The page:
Unlike the U.S. or Europe, Southeast Asia has numerous small and remote islands, of which many are permanently inhabited and require power. It makes sense to use small 10,000 m3 vessels, carrying about 0.05 to 0.5 million tonne per annum of LNG, to perform multi-location deliveries. Simple and low cost infrastructures such as bullet tanks and ambient air vaporizers; can also be used to bring the initial CAPEX investment down by 10–25 times as compared to conventional solutions.
So what does this mean for international LNG suppliers? I think it is positive news. Small-scale LNG, whether transported via land or sea – or a combination of both, is a cost effective solution for making natural gas available to energy users currently not connected to pipeline networks. With smaller scale LNG projects, it also increases flexibility in terminal operations, allowing for greater penetration of LNG into previously unreachable markets. The concept of small-scale LNG has increased the market for natural gas since it is targeted at fulfilling small-scale demand, and operates in different market segment of large scale exporters. Such a trend also lowers the barriers of entry of the LNG export market, allowing more competitive players to enter the market.
Markets are opening up to small-scale LNG solutions, and some governments have expressed their support for this initiative. Next steps include having governments align interests with the industry and put in place the much needed regulations and policies that can help promote and support small-scale LNG as a supply solution.
Pavilion Energy plans to develop small-scale supply chain solutions within the region. We have begun discussions with several partners in some markets, such as Indonesia and the Philippines, and look forward to progressing on this initiative.
Pavilion Energy: Building Energy Capabilities
Pavilion Energy plays an active role across all segments of the LNG value chain. Pavilion Energy has a diverse portfolio of suppliers. To date, we have taken an equity position in the Tanzania gas fields, secured LNG supply from U.S. Cameron & Freeport and have also signed various portfolio LNG supply contracts. Pavilion Energy has also entered a joint venture with BW Group to acquire, manage and charter LNG carriers. The JV company now owns 3 LNG ships. We have also been steadily building our LNG trading capabilities over the last 2 years. We are now an active player in the LNG spot market.
On 29 May, EMA announced that Pavilion Gas has been shortlisted for the final stage of the EMA Request-for-Proposal to import LNG into Singapore. Pavilion Gas has a proven and independent downstream capability in Singapore. We supply gas to more than 30% of industrial users across the power generation, petrochemicals, biotechnology, pharmaceutical and manufacturing industries.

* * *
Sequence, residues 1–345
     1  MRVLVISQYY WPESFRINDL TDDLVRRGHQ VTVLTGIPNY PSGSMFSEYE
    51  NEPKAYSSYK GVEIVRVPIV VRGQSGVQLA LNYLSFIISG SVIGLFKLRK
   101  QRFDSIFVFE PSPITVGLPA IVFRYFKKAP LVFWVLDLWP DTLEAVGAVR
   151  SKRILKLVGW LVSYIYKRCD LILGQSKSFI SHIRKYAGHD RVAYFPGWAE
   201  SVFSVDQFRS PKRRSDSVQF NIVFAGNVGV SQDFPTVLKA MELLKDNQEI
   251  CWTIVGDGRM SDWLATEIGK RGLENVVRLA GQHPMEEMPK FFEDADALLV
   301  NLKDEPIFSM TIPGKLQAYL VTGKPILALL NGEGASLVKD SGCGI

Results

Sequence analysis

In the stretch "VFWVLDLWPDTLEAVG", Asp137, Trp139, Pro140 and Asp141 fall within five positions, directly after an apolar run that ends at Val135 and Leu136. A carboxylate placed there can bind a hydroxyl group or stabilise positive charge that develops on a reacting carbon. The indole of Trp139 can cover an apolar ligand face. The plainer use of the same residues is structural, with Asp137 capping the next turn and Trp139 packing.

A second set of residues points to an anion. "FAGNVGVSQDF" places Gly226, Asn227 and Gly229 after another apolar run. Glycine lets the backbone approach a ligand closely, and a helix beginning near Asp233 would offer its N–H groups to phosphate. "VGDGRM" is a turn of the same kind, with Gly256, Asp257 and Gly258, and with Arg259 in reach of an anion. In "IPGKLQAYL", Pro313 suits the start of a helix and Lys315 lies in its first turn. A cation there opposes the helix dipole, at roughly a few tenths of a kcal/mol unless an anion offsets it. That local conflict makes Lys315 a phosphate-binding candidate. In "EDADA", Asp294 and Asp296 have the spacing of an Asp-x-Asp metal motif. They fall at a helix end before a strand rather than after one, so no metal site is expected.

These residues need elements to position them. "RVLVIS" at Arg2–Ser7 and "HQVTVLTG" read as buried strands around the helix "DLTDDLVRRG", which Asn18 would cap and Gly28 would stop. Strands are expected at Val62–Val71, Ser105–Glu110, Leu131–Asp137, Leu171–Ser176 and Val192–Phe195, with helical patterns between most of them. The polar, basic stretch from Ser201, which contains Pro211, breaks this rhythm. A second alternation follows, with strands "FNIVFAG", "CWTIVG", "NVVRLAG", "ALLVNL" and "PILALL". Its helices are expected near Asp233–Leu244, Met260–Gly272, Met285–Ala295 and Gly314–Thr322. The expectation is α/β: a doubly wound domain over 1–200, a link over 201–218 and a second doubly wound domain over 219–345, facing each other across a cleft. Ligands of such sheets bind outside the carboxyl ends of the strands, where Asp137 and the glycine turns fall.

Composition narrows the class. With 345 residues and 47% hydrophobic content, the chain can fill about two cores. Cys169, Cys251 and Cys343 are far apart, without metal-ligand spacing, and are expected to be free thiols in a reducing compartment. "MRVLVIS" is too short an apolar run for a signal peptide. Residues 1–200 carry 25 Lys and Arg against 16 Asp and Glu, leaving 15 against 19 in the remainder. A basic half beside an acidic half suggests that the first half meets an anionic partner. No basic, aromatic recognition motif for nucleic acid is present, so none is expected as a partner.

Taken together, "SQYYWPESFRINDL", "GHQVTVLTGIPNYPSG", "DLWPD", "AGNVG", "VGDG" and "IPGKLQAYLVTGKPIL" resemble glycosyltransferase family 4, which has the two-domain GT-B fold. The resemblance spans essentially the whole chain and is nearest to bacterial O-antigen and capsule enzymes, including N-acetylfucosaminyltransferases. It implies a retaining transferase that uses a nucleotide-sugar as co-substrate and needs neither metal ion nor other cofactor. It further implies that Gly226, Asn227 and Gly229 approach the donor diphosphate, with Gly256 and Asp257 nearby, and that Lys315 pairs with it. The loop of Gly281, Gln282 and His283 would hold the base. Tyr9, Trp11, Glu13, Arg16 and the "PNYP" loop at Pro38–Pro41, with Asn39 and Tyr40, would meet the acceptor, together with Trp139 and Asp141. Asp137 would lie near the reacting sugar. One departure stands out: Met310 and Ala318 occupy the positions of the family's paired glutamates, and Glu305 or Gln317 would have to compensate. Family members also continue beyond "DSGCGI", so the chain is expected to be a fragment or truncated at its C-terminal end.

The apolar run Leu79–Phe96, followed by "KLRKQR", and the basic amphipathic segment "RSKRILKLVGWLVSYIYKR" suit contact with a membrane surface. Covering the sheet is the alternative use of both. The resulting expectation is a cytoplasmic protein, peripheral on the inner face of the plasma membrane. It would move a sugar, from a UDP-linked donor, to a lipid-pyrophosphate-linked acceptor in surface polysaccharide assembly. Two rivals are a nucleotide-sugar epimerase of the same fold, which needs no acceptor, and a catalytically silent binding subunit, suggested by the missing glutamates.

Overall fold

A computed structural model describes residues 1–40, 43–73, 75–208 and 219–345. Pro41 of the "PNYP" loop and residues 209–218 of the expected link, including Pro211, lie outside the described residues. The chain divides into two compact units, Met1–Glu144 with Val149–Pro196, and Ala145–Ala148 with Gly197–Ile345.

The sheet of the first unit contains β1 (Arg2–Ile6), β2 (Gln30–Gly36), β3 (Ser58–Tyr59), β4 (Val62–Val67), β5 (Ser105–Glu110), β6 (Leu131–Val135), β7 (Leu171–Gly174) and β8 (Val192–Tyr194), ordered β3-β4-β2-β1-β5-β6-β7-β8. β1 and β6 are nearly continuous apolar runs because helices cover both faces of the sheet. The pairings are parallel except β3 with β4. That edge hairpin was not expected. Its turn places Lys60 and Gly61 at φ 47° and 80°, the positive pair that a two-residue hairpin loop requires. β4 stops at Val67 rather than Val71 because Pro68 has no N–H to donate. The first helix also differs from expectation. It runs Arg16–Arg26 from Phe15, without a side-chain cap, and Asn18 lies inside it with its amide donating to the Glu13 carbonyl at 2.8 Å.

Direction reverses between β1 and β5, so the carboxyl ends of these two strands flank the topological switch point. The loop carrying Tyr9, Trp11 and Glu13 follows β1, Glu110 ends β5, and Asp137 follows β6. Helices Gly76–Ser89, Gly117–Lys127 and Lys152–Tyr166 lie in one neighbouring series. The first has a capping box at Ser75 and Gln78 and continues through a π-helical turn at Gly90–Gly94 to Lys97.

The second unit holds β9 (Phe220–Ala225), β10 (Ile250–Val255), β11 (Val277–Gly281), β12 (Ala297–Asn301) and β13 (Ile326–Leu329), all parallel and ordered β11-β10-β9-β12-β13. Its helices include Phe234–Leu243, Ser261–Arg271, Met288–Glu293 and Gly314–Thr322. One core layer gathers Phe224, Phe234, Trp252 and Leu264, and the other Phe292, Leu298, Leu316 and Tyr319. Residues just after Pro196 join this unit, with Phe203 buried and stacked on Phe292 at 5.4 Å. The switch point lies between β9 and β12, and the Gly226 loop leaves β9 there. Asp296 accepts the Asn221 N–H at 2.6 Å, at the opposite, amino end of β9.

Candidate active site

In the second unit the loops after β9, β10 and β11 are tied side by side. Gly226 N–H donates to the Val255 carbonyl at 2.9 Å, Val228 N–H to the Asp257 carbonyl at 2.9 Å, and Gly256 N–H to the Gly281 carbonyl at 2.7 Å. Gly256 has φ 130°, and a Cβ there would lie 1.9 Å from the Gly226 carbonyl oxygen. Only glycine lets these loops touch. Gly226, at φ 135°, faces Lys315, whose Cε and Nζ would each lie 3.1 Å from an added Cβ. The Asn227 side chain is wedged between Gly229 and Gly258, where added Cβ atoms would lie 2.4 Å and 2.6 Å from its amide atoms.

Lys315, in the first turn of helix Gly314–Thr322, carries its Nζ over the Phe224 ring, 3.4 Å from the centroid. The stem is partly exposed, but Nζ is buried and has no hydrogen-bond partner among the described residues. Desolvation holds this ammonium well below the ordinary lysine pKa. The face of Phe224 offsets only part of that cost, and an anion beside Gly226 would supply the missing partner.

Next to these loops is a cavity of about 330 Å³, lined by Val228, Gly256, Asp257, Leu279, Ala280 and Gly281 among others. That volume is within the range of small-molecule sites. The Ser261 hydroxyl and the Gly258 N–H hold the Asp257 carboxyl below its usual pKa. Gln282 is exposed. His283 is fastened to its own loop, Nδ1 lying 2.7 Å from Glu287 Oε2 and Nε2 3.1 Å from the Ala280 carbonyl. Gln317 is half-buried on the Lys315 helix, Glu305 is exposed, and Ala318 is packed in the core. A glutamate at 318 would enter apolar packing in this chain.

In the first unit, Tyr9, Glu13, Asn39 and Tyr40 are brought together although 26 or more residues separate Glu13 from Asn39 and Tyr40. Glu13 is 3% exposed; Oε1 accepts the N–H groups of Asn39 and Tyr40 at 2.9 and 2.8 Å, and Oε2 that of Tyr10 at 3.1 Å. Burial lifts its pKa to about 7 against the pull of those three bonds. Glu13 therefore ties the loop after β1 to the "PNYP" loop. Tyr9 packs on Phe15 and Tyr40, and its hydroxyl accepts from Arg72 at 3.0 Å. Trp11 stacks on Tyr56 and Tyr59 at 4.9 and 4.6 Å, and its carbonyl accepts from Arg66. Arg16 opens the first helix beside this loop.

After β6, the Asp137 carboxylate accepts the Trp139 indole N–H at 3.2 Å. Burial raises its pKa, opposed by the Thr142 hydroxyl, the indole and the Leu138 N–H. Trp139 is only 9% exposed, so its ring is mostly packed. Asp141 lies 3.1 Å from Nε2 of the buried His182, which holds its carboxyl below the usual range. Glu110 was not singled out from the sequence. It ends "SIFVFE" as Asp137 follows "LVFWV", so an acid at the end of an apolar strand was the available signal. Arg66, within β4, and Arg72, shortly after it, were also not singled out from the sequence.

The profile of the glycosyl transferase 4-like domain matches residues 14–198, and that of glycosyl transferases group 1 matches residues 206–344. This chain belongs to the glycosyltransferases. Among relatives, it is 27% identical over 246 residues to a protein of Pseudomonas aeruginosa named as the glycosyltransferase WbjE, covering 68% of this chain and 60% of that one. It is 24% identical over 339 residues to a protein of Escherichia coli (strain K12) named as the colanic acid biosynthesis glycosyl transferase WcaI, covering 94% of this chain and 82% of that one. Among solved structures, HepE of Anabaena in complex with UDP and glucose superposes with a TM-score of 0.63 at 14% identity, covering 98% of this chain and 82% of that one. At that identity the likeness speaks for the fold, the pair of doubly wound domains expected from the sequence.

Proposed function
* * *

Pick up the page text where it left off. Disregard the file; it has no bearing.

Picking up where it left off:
Let me take this opportunity to thank partners and customers for your continued support. Pavilion Energy values partnerships and the mutual trust and respect that we share in our working relationships. We believe in a collaborative and win-win approach to working with customers and look forward to growing and progressing together.
With a diversified supply portfolio, Pavilion Energy is currently focused on developing regional demand. We see this as an important step towards building a reliable and robust LNG ecosystem in Singapore, and hopefully for Asia.
In Singapore, we are also working on various other initiatives. This includes LNG transportation for industrial use. We are keen to see the pioneering of the sale of LNG using LNG trucks in Singapore to access non-piped gas demand soon.
Currently, we are working on an LNG bunkering trial and license. We believe in the future of LNG bunkering in Singapore. Our strategic location in the Straits of Malacca and the South China Sea sees over 50% of global LNG supplies passing through the proximity of Singapore – that’s approximately 2,000 cargoes per year. While Southeast Asia may be a busy maritime region, there is currently no LNG fuelled ship in Southeast Asia. In time to come, by having LNG bunkering services in Singapore, we will be able to act as a refuelling station for Southeast Asia and promote both the use of international and regional LNG ships in Asia.
I recall a Chinese proverb: “功崇惟志，业广惟勤” from <<尚书 周书>>. We need to be passionate and resilient in working towards our goals. We must also be proactive and work in harmony to secure a bright and promising LNG future.
Let me now wish all participants a fruitful time in Singapore and an enriching summit ahead.